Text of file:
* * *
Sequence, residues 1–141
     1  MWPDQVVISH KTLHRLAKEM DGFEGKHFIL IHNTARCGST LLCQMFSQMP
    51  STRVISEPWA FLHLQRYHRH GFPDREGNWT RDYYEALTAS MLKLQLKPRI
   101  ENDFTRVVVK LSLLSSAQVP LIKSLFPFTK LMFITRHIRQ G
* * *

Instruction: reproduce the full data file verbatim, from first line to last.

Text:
Sequence, residues 1–141
     1  MWPDQVVISH KTLHRLAKEM DGFEGKHFIL IHNTARCGST LLCQMFSQMP
    51  STRVISEPWA FLHLQRYHRH GFPDREGNWT RDYYEALTAS MLKLQLKPRI
   101  ENDFTRVVVK LSLLSSAQVP LIKSLFPFTK LMFITRHIRQ G